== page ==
Corporate officers and directors may seem untouchable when it comes to legal actions. If the corporation you are suing is a corporation or LLC, then it can be challenging to hold the officers accountable. The doctrine of “piercing the corporate veil” can allow a court to hold officers liable in certain situations. However, there are legal theories that suggest you can still sue them as third-party defendants. To do so, you must provide evidence that the officer was directly involved in the situation that caused your injury or damages.
What is “piercing the corporate veil”?
Piercing the corporate veil means holding a company’s directors, officers, or shareholders personally liable for the company’s debts or actions. When a creditor can pierce the corporate veil, it can recover from those individuals. Piercing the veil is an important legal concept to creditors seeking to collect a claim against an LLC or corporation. To pierce the corporate veil, you’d have to show some sort of wrongdoing on behalf of those individuals — fraud or concealment of corporate affairs.
Piercing the corporate veil can be very difficult
It’s very difficult to pierce the corporate veil. However, there are legal liability theories defined by each state that could provide the ability to hold officers accountable without piercing the corporate veil.
Alter ego allegations and legal liability theories
Alter ego allegations and legal liability theories suggest that if you can prove the corporate officer’s direct involvement with the tort or fraud, you may be able to hold that officer liable even if the corporate veil has not been lifted.
For example, let’s say you signed a contract with a corporation that ended up being a bogus contract that resulted in you losing money. Then, the corporation denies ever sending you this contract and there’s no record in their files. If you have the original contract with the signatures or you have an email from a corporate officer asking you to sign the contract, you may be able to prove their liability as a third party or co-defendant.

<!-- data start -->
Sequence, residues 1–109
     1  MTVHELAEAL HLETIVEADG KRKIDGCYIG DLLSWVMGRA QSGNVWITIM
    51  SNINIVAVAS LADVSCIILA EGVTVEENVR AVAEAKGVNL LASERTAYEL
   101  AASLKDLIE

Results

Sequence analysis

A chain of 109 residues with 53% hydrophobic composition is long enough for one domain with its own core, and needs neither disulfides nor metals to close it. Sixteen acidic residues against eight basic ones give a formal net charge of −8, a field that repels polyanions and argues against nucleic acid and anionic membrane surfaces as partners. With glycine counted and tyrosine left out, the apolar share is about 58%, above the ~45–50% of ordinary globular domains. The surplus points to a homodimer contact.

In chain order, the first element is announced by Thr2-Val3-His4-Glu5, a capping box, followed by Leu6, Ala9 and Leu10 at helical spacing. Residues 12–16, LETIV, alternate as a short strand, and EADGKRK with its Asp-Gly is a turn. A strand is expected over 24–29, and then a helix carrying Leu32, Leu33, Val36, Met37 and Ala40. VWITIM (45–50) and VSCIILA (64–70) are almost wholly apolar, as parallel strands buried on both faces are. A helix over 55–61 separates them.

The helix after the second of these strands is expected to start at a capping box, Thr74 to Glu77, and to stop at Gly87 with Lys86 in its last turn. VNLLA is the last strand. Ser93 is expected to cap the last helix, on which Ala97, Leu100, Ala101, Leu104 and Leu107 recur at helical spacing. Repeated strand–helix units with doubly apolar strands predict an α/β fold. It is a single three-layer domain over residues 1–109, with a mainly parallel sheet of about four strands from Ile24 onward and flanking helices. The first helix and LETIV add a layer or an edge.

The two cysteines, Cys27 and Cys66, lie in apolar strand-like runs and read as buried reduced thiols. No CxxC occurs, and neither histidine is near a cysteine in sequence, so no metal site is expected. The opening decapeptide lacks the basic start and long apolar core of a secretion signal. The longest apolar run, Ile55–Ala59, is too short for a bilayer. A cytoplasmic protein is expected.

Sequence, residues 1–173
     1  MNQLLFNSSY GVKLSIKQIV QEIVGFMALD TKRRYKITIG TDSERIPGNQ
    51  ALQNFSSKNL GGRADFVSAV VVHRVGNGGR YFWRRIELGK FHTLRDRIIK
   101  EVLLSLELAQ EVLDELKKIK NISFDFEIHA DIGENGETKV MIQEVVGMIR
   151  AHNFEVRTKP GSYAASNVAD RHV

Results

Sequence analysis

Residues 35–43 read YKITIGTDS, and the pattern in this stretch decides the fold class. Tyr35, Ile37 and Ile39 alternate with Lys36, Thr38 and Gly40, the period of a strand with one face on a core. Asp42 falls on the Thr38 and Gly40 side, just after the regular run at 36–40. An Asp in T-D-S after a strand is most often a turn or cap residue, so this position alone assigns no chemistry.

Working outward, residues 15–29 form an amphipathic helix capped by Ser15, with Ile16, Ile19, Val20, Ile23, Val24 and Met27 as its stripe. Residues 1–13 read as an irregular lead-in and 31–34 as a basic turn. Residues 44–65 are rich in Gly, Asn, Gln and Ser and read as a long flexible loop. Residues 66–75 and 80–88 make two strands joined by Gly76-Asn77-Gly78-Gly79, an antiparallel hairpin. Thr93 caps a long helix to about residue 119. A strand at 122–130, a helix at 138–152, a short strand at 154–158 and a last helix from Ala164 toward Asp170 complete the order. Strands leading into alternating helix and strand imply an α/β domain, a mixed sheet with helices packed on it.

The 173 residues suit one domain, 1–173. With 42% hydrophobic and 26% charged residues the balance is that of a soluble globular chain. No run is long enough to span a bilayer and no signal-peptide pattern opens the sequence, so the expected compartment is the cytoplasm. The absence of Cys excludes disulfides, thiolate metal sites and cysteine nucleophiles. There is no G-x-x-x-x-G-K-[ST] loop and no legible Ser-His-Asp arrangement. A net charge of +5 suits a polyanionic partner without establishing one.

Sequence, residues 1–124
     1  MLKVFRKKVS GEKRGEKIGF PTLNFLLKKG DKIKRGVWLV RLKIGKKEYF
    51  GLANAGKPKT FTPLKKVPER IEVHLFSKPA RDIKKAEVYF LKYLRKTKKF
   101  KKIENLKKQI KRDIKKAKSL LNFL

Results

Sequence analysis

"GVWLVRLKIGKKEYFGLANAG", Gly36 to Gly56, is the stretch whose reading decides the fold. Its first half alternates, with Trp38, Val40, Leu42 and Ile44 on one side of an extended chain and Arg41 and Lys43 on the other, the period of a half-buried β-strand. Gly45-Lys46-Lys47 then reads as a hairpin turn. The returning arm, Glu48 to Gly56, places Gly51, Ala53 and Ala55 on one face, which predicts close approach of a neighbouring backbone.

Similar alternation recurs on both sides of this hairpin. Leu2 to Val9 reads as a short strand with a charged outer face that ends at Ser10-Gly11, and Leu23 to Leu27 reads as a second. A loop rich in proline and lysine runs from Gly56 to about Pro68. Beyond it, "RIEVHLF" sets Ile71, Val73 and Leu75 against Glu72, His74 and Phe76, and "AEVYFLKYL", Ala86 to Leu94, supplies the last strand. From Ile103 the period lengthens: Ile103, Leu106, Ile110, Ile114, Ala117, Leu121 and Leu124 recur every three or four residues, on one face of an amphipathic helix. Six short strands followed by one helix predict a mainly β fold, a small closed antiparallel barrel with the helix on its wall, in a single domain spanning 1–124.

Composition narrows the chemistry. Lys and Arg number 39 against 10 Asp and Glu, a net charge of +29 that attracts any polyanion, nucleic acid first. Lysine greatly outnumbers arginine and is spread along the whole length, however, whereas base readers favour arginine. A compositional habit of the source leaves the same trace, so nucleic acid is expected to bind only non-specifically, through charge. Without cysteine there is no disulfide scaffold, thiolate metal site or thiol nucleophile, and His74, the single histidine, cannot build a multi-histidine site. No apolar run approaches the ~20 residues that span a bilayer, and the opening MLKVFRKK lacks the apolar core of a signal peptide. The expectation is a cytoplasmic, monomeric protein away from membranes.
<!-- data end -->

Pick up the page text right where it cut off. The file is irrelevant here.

How does an investigation help prove individual liability?
It can be difficult to prove that a corporate officer is liable for fraud or judgment without piercing the corporate veil. It’s very difficult to pierce the corporate veil and some attorneys may be skeptical about proving liability. An investigation into your case by a private investigator can help your chances of proving the individual liability of corporate officers. With the evidence that your investigator uncovers, your attorney can use that to effectively prosecute your case.
A private investigator can conduct an investigation to help uncover the evidence you need. This seeks to identify those individuals involved in committing fraud or causing an accident, determine their assets and employment history, and examine their level of involvement in other companies or ventures.
In many cases, it’s not enough to simply prove that a company was negligent or committed fraud. It’s even more important to identify those individuals involved in committing fraud or causing an accident, determine their assets and employment history, and examine their level of involvement in other companies or ventures. Your private investigator will conduct interviews with witnesses, employees, and managers at all levels of the company including suppliers and vendors to learn more about business relationships between defendants and plaintiffs as well as other key players involved in transactions.